Results and Analysis

Proceedings of the 2007 IEEE Symposium on Computational Intelligence in Multicriteria Decision Making (MCDM 2007)

a maximum of 20nm are allowed between targets. As a result, intermediate points had to be inserted between the targets before the route could be optimized. An additional limitation of TFO is that it optimizes paths between targets but does not optimize connections between targets. Therefore, TFO does not allow more than 45 degrees of heading change between consecutive major waypoints. The parallel path planner has neither of these constraints. Figure 5 depicts the TFO solution to the problem instance Nellis Route 1.

independently, the resulting solution contains a heading change greater than 90 degrees. The MOEA resulting Pareto front for the same problem instance is given in Figure 6 providing multi-objective tradeoffs to the decision maker.
Pareato Firont Nellis Route


1 40 I

1IN 6
_ _,


1 _.0

1400 X145200

1460 0_ 8500 9000 9500 '10000

Cot Score


1 1000

Figure 5 Lowest risk and TFO 3D routes over Nellis AFB Table 3 Fitness Component Scores - Nellis Route
Rou:te Low C t Low Ris

Path Length Q4229

Cliimb Cost




Several inferences can be made from inspection of Figure 5. First, TFO's approach to minimizing climbing involves seeking the lowest point possible. Inspection of the path between shows that higher terrain was avoided whenever possible. This contrasts with the parallel path planner's approach which focused on minimizing the total amount of climbing. While TFO would avoid high terrain at any cost, the parallel path planner allows for high terrain so long as the cost of moving into the terrain is offset by reduced climbing and descending within the terrain. Table 5 compares the fitness evaluation of the TFO solution with the low cost and low risk Pareto front points of the parallel path planner.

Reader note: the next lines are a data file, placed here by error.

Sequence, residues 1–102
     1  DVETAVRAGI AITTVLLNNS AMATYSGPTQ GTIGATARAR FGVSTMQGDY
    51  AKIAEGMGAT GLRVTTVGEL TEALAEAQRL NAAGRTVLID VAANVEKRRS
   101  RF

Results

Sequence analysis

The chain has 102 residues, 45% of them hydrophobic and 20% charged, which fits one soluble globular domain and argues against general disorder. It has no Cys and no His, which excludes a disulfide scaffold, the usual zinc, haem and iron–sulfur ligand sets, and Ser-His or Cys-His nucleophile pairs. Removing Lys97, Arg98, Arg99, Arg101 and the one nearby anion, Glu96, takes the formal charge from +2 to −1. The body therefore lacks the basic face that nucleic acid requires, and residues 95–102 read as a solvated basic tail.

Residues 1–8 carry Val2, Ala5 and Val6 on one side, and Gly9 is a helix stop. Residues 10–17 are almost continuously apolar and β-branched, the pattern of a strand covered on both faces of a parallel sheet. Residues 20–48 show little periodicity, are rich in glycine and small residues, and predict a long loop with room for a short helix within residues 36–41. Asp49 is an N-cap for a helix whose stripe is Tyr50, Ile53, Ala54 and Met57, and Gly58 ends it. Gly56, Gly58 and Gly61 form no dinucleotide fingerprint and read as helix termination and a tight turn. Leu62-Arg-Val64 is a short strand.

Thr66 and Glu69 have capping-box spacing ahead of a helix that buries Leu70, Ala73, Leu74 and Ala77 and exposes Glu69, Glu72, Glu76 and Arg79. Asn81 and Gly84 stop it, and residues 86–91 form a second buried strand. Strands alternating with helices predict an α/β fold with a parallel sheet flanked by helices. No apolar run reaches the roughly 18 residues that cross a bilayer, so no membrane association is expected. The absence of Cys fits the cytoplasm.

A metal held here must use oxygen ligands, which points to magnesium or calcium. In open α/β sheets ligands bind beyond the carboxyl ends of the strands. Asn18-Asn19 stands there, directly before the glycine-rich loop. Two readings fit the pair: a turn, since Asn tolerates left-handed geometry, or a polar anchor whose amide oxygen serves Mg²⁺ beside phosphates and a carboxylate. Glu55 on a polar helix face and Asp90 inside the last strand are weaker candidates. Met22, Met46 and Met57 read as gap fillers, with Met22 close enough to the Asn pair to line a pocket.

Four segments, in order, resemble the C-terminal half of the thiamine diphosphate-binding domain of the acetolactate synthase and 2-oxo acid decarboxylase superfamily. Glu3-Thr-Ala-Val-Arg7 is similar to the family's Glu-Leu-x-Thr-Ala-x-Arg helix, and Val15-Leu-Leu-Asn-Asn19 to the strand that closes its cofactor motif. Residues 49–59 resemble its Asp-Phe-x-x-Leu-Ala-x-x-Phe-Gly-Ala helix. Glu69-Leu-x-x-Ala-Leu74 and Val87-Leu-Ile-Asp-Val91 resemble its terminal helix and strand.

Table 5 Nellis Route Evaluations

Figure 6 Risk vs. Cost Pareto Front The efficiency of the parallel path planner experiments reveal near linear speed-up. This is due to the independence of the nodes, and low communications overhead. Runtimes varied from one job on one processor of 0.2 seconds to 123.3 seconds for 1024 jobs on one processor to 8.5 seconds for 1024 jobs on 16 processors. It is clear that the parallelization of the path planner results in near linear speedup with each increase in the number of processors. This result is not unexpected as the parallel decomposition strategy has very low overhead. It should be noted however, that the load balancing scheme and the use of multiple non-blocking receives contributed to the speedup. In the absence of effective load balancing and non-blocking communication, the speedup would be reduced even with low-overhead parallel problem decomposition. Evaluating the expanded and improved parallel swarm simulator was also a critical element in the development of the UAV mission planning system [23]. Most insight as to the performance of the UAV mission planner was achieved with the parallel simulation as well as feedback to improve planning and routing effectiveness [29].
A multi-objective evolutionary algorithm is developed for efficient path planning. Also, an efficient parallel computation system is developed that computes individual segments for use in the GVR routing algorithm. The parallel swarm simulator is improved by incorporating path-following capabilities with existing swarm behavior and measuring the effects of these capabilities on swarm characteristics. Additional efforts include exploring larger-sized areas for